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By Caroline's Breast Cancer Blog (Reporter)
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Pre-Treatment Education

Thursday, October 13, 2016 3:24
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(Before It's News)

So you get a crappy diagnosis, I have had a few, and you instantly want your body fixed! Quickly you rush to the surgeon and get the nastiness removed. With cancer, after surgery you usually get more fun with treatment such as chemo and radiation. Then pow, your body starts protesting and you instantly end up with multiple side effects, including ones that could cause permanent damage to your body and require additional surgeries.

This scenario is not that uncommon with breast cancer patients. Women want that thing out! They have surgeries and chemo and radiation. I have friends who ended up with problems with their mastectomies which required multiple more surgeries. Some have suffered through problems with the 'donation' site on their bodies where tissue was taken to create a 'foob' after a mastectomy. I have a friend with permanent cardiac damage as a result of chemotherapy. Me, and others, have lymphedema as a result.

The rush to surgery means lack of attention to potential side effects and body changes, both physical and emotional. Not enough attention is placed on the after effects. I have always thought that with both my breast cancer surgeries and treatment and many other medical procedures.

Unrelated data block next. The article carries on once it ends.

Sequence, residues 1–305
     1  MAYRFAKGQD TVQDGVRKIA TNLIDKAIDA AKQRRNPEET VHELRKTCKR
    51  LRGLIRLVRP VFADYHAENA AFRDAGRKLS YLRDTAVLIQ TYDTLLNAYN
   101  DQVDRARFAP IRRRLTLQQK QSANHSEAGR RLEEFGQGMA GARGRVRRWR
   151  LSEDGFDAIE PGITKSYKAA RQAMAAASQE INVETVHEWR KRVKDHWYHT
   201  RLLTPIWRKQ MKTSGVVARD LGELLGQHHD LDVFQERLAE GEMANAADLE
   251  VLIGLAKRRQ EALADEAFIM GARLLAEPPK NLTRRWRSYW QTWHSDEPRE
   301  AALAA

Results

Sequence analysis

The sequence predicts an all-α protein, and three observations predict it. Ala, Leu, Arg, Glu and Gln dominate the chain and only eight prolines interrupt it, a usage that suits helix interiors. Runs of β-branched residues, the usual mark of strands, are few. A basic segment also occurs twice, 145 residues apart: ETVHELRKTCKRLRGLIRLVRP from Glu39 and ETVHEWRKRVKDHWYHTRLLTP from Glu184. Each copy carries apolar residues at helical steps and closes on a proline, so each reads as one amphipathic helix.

This morning I read over at Hen Backtalk and found a link to an article talking about what kinds of tests to request before treatment. While the doctor, author of the article, focuses on specific tests before breast cancer chemotherapy. But I believe this is true, I think this is a very valid point. Not enough focus is given to this part of the medical decision making process.

Doctors and other medical professionals usually can't give us all the details because they usually have not had the treatment protocol themselves. I think if you are facing a major medical decision, especially cancer treatment, find someone who has been through this themselves before making any decision. Cancer surgeries are usually focused on removing as much of the cancer as possible and getting clean margins. So with breast cancer, for example, you might end up very 'lopsided' due to the need to get the clean margins. You can't have enough information before major surgery.

This is where support groups and online forums can be so helpful. Don't be shy, get out there and ask your questions. Find someone who has gone through the procedure and decision process you are facing to learn about side effects and after effects in general. Education is always good.

Caroline’s Breast Cancer Blog

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